The Los Angeles Angels placed nearly a quarter of their roster on waivers Tuesday, including starter Lucas Giolito, relievers Matt Moore, Reynaldo Lopez and Dominic Leone, and outfielders Hunter Renfroe and Randal Grichuk, prompting a flurry of intrigue leading up to Thursday when the teams that win the claims will be revealed, sources told ESPN.
The use of waivers, in which the Angels essentially will give away the players for a $50,000 waiver fee and salary relief, stunned the baseball industry. Between now and the expiration of the waiver period Thursday, teams can place claims on players, who, in the meantime, are allowed to play. The team with the worst record Thursday will be awarded the player -- and because he will be on the team's roster before Sept. 1, all claimed players will be eligible for the postseason.
Giolito said he read the news on X, the social media platform formerly known as Twitter.
Other players currently on waivers, according to sources, include New York Yankees center fielder Harrison Bader, New York Mets right-hander Carlos Carrasco, Chicago White Sox right-hander Mike Clevinger and Detroit Tigers reliever Jose Cisnero.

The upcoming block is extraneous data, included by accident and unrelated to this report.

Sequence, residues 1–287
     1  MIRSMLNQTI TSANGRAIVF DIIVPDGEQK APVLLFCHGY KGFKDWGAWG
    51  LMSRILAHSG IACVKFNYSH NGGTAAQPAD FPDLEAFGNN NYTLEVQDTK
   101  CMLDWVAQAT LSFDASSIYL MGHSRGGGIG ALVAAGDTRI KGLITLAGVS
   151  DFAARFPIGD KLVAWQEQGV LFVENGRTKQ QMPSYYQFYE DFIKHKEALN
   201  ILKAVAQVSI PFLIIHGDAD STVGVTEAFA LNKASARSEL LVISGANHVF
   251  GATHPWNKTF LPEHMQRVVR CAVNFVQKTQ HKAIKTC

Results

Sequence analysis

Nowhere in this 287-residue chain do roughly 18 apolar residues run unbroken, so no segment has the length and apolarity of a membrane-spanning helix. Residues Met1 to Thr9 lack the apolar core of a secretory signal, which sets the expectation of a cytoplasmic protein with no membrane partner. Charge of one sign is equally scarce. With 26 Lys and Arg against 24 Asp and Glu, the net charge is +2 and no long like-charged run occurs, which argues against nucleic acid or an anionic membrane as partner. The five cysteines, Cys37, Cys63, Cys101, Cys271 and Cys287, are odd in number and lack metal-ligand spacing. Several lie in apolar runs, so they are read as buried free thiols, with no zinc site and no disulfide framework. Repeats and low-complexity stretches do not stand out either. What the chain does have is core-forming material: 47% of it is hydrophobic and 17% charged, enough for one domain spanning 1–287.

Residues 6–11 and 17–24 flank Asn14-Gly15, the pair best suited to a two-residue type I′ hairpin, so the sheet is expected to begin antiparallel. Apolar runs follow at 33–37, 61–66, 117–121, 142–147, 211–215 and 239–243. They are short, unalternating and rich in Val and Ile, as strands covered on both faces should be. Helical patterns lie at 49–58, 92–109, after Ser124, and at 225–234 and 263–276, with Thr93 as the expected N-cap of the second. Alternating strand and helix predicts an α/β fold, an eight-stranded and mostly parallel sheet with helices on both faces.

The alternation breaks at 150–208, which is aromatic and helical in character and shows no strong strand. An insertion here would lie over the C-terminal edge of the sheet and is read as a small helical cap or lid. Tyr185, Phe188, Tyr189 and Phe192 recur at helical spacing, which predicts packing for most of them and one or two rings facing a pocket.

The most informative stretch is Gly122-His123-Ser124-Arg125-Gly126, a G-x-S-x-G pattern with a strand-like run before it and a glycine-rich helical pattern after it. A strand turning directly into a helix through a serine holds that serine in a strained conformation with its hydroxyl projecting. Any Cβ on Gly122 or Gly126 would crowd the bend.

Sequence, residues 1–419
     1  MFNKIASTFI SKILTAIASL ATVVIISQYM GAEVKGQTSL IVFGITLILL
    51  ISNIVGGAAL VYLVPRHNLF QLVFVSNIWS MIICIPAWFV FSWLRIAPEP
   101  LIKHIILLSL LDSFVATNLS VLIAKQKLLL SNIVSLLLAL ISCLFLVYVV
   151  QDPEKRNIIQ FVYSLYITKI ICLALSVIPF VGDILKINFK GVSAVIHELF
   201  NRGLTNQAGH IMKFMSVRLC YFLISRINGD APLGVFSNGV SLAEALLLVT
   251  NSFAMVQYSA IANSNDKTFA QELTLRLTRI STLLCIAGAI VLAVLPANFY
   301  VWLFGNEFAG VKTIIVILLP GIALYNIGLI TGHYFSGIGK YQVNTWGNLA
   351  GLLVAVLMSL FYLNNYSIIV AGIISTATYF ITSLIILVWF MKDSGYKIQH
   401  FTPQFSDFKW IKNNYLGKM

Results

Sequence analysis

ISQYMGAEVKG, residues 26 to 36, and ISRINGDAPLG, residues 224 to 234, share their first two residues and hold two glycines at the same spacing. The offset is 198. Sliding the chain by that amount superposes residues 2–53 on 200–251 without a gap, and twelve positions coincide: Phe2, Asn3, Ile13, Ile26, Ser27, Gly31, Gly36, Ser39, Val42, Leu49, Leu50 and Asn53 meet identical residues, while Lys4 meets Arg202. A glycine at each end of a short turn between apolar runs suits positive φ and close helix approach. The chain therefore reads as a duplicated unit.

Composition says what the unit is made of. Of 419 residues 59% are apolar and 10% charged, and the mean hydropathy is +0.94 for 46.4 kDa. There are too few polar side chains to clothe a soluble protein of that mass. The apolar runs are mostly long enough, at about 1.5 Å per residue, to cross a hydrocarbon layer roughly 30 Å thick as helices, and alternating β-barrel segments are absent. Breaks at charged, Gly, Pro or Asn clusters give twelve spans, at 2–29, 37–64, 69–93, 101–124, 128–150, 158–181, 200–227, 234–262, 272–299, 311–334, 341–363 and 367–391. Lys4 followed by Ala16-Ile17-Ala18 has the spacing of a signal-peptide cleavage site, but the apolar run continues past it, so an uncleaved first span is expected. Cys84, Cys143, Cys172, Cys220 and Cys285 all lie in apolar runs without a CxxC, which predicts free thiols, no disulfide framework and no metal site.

If all six Angels players are claimed, the team stands to save around $7 million in salary over the season's final month -- enough, perhaps, to push its payroll beneath the $233 million competitive-balance-tax threshold. Dipping beneath the tax would allow the Angels to recoup a second-round draft pick as compensation if Shohei Ohtani leaves as a free agent, rather than a fourth-round selection. Players who are not claimed simply would clear waivers and remain under contract with the Angels.
Regardless of who ends up where, considering where the Angels were a month ago, a dump of this magnitude, even of free agents to be, is almost unfathomable.
Late on July 26, the same day the Angels decided not to trade Ohtani, they acquired Giolito and Lopez from the White Sox for catcher Edgar Quero, a 20-year-old ranked by ESPN's Kiley McDaniel as a top-100 prospect, and left-hander Ky Bush, now in Double-A. The price was heavy, but the Angels were indicating to the industry: They were pushing for a postseason spot to help convince Ohtani to remain in Anaheim.
Since the Aug. 1 deadline, the Angels have a 7-18 record, the worst in the majors. Ohtani is no longer pitching, as an MRI showed a tear in his right ulnar collateral ligament. Mike Trout, their star outfielder, came off the injured list, played one game and returned with pain in his surgically repaired hamate bone. And the Angels, who were a half-game ahead of Seattle on deadline day, now are 63-70, while the Mariners, at 75-57, reside in a three-way tie atop the American League West division.
"It's front office decisions that don't affect our room," Angels manager Phil Nevin said. "We've got to go out and win some games and play the games right. Business as usual. We've got to go out and play."